Turkish lira cheers ‘positive’ Erdogan-Biden meeting

Turkish lira cheers ‘positive’ Erdogan-Biden meeting

Emerging market shares fell for a fifth straight session on Monday as weak factory output data from China dented sentiment, while Turkey’s lira firmed after Ankara and Washington agreed to form a joint mechanism to strengthen ties.

The lira outperformed EM peers, rising 0.7% after a 7.6% drop in October on tensions with the West and monetary policy uncertainty.

US President Joe Biden and Turkish President Tayyip Erdogan held talks in “a very positive atmosphere” on the sidelines of the G20 summit, a senior Turkish official said.

Tensions between the two nations have ratcheted up over Turkey’s purchase of Russian defence systems, and human rights.

Days after narrowly averting a diplomatic crisis over jailed philanthropist Osman Kavala, Biden told Erdogan his request for F-16 fighter jets had to go through a process in the United States, while Erdogan said his counterpart was “positive” towards the jet sale.

But Credit Suisse analyst Berna Bayazitoglu warned that the readout suggested the two leaders had not been able to bridge their differences during the meeting.

South Africa’s rand fell 0.8% in thin holiday trade as citizens started voting on Monday in municipal elections, with the ruling African National Congress facing discontent over poor services and stark inequality.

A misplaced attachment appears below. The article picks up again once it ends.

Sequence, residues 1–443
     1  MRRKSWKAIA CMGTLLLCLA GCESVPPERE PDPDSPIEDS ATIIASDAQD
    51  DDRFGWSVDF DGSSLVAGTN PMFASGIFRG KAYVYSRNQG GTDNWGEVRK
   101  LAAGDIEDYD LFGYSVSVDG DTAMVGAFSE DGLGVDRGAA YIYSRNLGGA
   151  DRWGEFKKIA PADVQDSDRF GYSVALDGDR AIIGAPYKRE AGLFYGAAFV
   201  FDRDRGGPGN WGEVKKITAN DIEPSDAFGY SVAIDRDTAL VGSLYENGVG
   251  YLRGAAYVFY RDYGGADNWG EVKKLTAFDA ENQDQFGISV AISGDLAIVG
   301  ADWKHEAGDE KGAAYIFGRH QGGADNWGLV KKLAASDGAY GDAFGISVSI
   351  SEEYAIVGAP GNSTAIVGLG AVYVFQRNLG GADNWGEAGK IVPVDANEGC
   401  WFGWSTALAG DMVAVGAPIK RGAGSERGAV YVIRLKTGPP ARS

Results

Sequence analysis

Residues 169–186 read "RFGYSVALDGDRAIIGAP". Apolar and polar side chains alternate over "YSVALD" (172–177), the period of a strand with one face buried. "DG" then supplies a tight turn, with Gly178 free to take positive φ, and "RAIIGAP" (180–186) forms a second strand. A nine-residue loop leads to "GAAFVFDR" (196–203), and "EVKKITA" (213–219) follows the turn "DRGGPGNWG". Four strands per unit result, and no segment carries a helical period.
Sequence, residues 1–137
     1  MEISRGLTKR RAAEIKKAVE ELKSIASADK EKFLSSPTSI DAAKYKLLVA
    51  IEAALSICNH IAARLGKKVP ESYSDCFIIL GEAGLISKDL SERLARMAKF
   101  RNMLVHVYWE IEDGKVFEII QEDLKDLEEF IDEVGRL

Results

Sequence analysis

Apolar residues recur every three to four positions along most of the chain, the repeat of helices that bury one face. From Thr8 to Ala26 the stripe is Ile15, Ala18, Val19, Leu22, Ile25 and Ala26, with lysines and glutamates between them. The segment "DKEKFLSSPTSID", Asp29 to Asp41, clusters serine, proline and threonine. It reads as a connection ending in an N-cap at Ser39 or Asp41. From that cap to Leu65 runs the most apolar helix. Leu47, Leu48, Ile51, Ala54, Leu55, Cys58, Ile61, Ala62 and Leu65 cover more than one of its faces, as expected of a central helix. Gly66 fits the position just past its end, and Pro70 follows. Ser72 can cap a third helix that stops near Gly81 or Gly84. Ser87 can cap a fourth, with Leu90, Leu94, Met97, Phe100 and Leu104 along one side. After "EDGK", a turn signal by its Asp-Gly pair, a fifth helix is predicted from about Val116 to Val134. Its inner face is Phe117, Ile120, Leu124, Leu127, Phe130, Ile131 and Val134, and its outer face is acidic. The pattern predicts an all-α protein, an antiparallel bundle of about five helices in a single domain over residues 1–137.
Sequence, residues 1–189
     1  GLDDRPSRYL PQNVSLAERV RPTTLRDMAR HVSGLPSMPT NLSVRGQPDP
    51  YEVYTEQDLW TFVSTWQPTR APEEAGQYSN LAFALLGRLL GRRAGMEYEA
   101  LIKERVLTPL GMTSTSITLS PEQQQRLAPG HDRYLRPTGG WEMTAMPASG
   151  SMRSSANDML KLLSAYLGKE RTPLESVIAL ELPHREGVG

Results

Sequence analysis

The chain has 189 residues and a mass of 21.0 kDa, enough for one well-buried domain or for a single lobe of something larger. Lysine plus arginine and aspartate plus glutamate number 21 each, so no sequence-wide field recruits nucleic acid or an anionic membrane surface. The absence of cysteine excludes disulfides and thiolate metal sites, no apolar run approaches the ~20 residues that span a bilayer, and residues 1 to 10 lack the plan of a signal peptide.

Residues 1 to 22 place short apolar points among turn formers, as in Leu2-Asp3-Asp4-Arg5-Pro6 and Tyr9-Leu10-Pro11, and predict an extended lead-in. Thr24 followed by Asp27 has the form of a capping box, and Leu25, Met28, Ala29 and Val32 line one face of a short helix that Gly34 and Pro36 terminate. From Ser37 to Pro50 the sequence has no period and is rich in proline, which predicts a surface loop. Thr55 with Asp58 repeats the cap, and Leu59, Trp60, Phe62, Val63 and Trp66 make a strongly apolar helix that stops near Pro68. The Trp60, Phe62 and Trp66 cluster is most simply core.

Most other EM currencies fell as investors awaited the US Federal Reserve’s two-day meeting set to end on Wednesday, with the bank expected to start tapering pandemic-related stimulus.

“The [Fed] meeting this week has taper effectively priced in. Expectations are growing for some signal on rate hikes, although we think the [Fed] will still de-couple hikes from taper,” Mizuho analysts said.

MSCI’s index of EM shares fell 0.4% with heavyweight China blue-chips and Hong Kong shares down 0.4% and 0.9%, respectively.

Power shortages and rising costs weighed on production in Chinese factories last month, data showed, while leisure and tourism businesses are feeling the bite of the country’s zero tolerance for Covid-19.

Factory activity in most other Asian economies grew.

“Some divergence in growth trajectories between the US and the rest of the world could continue to keep the USD supported on dips, especially ahead of the FOMC policy decision,” Maybank strategists said.

Elsewhere, Russia’s manufacturing activity expanded in October for the first time since May, while it slowed in Turkey. Russia on Sunday reported 40,993 new Covid-19 infections, its highest single-day case tally since the start of the pandemic.

Along with falling oil prices, the rouble hit over two-week lows. Russian stocks, however, snapped a four-session losing streak, lifted by a rally in financial and energy shares.

Oil giant Saudi Aramco inched lower a day after it rose 0.4% on upbeat quarterly earnings. [Reuters]

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